Writer and Performer: Apphia Campbell
Director: Arran Hawkins
Reviewer: Paul Couch
When singer Nina Simone died in 2003, the world lost one of the last great legends of the American jazz club circuit along with the likes of Billie Holiday, Sarah Vaughn and Dinah Washington. Simone trained as a classical concert pianist but soon found her true vocation – playing “the Devil’s Music” in the smoky, claustrophobic clubs of New Jersey.
In Black is the Color of My Voice, Apphia Campbell takes the turbulent life of Simone and creates a parallel fictional character (an intellectual property issue perhaps?) called Mena Bordeaux – every inch Simone in all but name and runs with it. Oh, does she run. And fly. And soar. Her 70-minute one-woman show is engaging, moving and a powerful reminder of the struggle for equality that African-Americans faced, particularly in the middle of the 20th Century.
The real Simone wasn’t just a virtuoso pianist, singer and songwriter, she was also a staunch activist for Civil Rights and it was this passion that forged the artist into the figure we know so well. Accordingly, Mena Bordeaux’s social conscience keeps time and we mourn with her the murders of Martin Luther King, assassinated in 1968, fellow activist Medgar Evers, who was killed in 1963, and four African-American children who died in a bomb attack at 16th Street Baptist Church, in Birmingham, Alabama the same year.
After successful outings in Shanghai, New York, and the Edinburgh Festival, this is the first UK tour of Campbell’s show and, to be honest, she seems a little taken aback by all the rapturous applause she receives. She needn’t be – her portrayal of (not) Nina Simone is sublime; she wrings passion and humour or pathos from every line and her voice is a vast cavern of perfect sound that mirrors the source material flawlessly.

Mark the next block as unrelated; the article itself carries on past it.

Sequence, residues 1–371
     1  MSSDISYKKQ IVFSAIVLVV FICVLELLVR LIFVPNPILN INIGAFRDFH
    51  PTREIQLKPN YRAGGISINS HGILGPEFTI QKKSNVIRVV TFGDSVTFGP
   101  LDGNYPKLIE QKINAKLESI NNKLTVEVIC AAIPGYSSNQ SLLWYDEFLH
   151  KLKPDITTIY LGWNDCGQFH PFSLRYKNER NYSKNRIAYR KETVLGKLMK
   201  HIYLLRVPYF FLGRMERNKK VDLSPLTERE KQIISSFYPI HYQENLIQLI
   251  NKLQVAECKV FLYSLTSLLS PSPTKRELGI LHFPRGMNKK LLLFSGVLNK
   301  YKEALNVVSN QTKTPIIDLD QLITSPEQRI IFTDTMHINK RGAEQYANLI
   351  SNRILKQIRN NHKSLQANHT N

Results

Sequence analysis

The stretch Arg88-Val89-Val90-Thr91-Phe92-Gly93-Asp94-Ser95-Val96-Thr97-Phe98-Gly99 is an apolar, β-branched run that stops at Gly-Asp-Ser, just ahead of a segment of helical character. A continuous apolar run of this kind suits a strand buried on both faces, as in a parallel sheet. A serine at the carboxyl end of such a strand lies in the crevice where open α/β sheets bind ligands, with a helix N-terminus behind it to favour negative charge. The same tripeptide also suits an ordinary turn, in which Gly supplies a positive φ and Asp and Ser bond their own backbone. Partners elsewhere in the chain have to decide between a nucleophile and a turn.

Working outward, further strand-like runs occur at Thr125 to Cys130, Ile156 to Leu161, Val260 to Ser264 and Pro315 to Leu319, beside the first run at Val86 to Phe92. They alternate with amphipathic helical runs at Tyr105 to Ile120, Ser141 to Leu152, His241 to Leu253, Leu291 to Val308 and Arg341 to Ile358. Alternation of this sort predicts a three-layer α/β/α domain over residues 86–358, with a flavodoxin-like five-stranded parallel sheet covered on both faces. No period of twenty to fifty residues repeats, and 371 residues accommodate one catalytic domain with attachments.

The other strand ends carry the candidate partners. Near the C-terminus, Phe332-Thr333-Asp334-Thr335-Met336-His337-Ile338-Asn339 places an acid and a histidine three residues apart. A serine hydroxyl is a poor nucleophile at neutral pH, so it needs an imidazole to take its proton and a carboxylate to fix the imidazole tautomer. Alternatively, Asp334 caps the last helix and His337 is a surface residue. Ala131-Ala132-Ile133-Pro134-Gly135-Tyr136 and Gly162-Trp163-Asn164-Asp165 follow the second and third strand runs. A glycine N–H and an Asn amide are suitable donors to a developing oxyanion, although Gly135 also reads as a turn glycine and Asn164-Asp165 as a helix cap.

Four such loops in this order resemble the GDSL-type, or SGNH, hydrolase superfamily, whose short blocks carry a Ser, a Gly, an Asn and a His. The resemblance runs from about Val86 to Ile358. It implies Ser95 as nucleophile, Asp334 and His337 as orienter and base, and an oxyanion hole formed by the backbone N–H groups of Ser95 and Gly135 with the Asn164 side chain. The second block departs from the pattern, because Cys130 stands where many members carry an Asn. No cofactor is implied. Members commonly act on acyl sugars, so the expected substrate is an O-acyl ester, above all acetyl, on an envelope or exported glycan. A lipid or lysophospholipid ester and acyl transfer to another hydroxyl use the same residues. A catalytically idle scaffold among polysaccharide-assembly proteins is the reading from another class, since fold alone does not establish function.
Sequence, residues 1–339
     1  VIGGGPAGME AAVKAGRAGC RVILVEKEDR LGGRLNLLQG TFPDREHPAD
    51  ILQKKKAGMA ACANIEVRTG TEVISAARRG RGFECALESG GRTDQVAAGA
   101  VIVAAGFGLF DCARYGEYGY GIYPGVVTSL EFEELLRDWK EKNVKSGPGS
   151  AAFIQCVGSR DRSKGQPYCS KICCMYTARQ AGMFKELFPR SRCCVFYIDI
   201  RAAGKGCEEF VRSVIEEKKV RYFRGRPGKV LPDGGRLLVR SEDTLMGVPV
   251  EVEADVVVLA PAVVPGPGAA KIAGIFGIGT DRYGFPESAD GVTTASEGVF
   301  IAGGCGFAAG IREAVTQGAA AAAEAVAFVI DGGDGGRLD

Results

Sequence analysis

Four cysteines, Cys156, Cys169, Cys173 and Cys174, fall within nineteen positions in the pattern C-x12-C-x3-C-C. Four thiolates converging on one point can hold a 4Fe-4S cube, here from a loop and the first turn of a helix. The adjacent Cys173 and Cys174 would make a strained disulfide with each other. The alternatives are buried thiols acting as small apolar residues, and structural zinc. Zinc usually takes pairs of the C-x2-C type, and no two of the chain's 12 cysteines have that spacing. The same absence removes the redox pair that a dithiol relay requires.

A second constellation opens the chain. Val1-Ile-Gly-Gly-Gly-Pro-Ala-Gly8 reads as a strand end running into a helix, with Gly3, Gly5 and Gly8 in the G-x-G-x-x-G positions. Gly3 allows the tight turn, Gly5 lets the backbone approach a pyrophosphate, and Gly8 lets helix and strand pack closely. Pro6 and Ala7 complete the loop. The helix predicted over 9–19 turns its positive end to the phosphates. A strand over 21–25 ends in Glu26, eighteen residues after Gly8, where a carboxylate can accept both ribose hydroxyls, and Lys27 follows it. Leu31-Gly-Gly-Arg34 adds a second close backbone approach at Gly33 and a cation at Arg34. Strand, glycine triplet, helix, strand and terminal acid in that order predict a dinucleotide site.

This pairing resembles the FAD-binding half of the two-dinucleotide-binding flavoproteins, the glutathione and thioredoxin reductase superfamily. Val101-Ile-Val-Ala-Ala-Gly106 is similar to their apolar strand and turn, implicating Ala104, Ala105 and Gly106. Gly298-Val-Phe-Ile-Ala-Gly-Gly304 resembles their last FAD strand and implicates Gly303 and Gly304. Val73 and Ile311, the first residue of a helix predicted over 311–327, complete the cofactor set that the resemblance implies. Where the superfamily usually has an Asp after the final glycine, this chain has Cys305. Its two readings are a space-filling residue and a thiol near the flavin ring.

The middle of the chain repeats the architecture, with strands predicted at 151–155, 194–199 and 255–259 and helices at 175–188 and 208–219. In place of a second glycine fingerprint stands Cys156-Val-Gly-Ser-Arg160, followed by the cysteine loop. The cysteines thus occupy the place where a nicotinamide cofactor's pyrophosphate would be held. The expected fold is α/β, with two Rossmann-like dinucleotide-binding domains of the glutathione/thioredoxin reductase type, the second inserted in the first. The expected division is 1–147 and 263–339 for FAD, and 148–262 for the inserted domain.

There is one uncomfortable problem with Black Is the Color of My Voice in that it suffers from a bit of an identity crisis. For whatever reason, Campbell isn’t portraying Nina Simone, she’s portraying a doppelganger, albeit one who sings beautifully Simone’s catalogue. With no programme notes to explain this, the show is likely a little confusing to those who know Simone’s story and who have missed the small-print statement: “Inspired By The Life of Nina Simone”.
Once our brains have adapted to the skewed reality, however, we can sit back and enjoy a delicious selection of Simone classics such as I Put A Spell On You, To Be Young, Gifted and Black, the infamous protest song Mississippi Goddam and, of course, New Dawn. Unfortunately, it’s all over too soon and we get the feeling that there’s much more to this story to come.
Apphia Campbell has arrived, ostensibly from nowhere, and is destined to be recognised as a major performing talent in the very near future.
Reviewed on 2 February 2017 (then touring until 21 April 2017)
For tour details: www.apphiacampbell.com